After unit A, every 4-6 lessons is a Flex Day. The Flex Days are an opportunity for you to provide students with needed grammar instruction and also support additional practice in a targeted area of reading, writing, or language. Depending on students’ performance during the previous sequence of lessons, you might instruct a particular group to work on reading fluency, revise an existing piece of writing, create a new piece of writing, practice close reading and discussion, or work on one of the key reading strands.
The Directions in the Differentiation section of the Lesson Brief explain the types of supports provided in each level and when they may be helpful for particular students. This Differentiation section also provides suggestions and ideas on how to support ELLs with strategies not included in the differentiated activities.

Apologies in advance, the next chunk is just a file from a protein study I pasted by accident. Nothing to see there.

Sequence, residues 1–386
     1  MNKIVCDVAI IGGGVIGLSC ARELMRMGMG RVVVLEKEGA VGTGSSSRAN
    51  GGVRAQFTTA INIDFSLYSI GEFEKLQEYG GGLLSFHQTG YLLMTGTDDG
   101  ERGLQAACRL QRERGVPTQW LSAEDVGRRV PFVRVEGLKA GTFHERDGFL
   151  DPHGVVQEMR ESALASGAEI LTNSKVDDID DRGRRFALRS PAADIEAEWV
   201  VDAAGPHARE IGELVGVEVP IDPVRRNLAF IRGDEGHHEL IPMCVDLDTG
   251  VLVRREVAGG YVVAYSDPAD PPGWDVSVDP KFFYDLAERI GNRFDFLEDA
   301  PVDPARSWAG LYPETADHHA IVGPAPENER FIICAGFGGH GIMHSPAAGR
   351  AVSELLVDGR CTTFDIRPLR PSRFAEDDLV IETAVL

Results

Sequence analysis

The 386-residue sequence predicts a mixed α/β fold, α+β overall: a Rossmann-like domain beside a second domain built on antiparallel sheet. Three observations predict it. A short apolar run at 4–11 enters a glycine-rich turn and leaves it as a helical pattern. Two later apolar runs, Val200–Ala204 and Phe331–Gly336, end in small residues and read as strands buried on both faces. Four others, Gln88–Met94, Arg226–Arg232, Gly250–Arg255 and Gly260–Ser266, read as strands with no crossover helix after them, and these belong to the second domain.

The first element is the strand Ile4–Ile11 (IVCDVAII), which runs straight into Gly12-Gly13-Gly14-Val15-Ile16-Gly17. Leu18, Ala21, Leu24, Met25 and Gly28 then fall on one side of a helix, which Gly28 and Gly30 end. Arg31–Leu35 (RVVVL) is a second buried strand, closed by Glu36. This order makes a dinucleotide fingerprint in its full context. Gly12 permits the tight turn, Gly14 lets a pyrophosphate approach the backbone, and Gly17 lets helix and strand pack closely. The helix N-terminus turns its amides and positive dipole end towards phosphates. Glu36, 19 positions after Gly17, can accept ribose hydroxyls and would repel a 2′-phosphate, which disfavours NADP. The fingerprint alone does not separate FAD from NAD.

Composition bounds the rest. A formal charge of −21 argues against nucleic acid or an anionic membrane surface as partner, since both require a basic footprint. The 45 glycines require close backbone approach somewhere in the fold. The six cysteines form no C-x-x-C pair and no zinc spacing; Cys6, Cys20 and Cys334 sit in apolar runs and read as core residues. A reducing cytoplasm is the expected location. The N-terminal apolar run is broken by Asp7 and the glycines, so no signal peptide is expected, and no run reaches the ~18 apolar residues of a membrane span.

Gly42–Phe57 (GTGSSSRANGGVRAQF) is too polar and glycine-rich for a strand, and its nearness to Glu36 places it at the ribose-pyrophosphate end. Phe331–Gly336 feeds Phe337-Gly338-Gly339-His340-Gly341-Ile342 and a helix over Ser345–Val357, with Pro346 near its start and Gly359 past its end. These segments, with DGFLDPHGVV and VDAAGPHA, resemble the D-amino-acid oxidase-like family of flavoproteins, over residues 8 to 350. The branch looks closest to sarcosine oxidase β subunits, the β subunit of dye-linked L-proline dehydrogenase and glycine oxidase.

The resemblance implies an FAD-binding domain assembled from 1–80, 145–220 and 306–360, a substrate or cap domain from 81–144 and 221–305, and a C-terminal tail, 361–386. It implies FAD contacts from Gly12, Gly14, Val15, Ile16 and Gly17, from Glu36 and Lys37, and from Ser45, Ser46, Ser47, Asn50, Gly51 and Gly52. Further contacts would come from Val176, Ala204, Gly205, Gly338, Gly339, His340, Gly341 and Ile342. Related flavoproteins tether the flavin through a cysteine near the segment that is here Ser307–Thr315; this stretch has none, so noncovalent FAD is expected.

- Teacher Tips
Have you accessed the ELA 2nd Edition Poetry in America® units to bring poetry to life in middle school classrooms through the Amplify ELA program? With one for each grade level, these flexible units include tips for leading rich classroom discussions on poetry and videos of a wide variety of interpreters close reading poems.
Amplify Ambassador Terri Ostergard had the following advice about Amplify ELA: “Trust the program! One of the many beauties of Amplify ELA is that planning time is streamlined so you can use it with confidence! Be sure to review over the lesson objectives, listen to the text, note which tabs and cards address the objectives so you don’t miss them. Let this amazing resource work for you!”
Amplify Ambassador Pedro Garcia IV offered the following tip about an ELA curriculum feature: “Be sure to take advantage of the My Notes feature, when applicable. It helps when you need to jot down a quick note or reminder about a student question(s), have some feedback about how the lesson went, or what questions to anticipate for next time. It is also, a great way to note lesson reflections to improve and/or identify areas of need for the class.”